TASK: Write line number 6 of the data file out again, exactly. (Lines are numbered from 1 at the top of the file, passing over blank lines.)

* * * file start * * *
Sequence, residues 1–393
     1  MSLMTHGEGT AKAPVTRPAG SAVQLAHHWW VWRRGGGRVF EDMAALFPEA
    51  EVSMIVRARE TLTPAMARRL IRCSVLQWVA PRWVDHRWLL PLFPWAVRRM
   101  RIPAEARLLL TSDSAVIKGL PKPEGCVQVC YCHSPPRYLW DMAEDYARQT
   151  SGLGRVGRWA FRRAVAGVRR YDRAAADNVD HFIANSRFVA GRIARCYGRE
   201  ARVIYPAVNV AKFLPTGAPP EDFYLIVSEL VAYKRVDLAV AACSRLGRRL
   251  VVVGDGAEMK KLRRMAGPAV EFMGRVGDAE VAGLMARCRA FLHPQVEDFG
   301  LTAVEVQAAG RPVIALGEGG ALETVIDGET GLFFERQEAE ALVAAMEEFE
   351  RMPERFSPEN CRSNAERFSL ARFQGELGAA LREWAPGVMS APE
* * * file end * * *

   201  ARVIYPAVNV AKFLPTGAPP EDFYLIVSEL VAYKRVDLAV AACSRLGRRL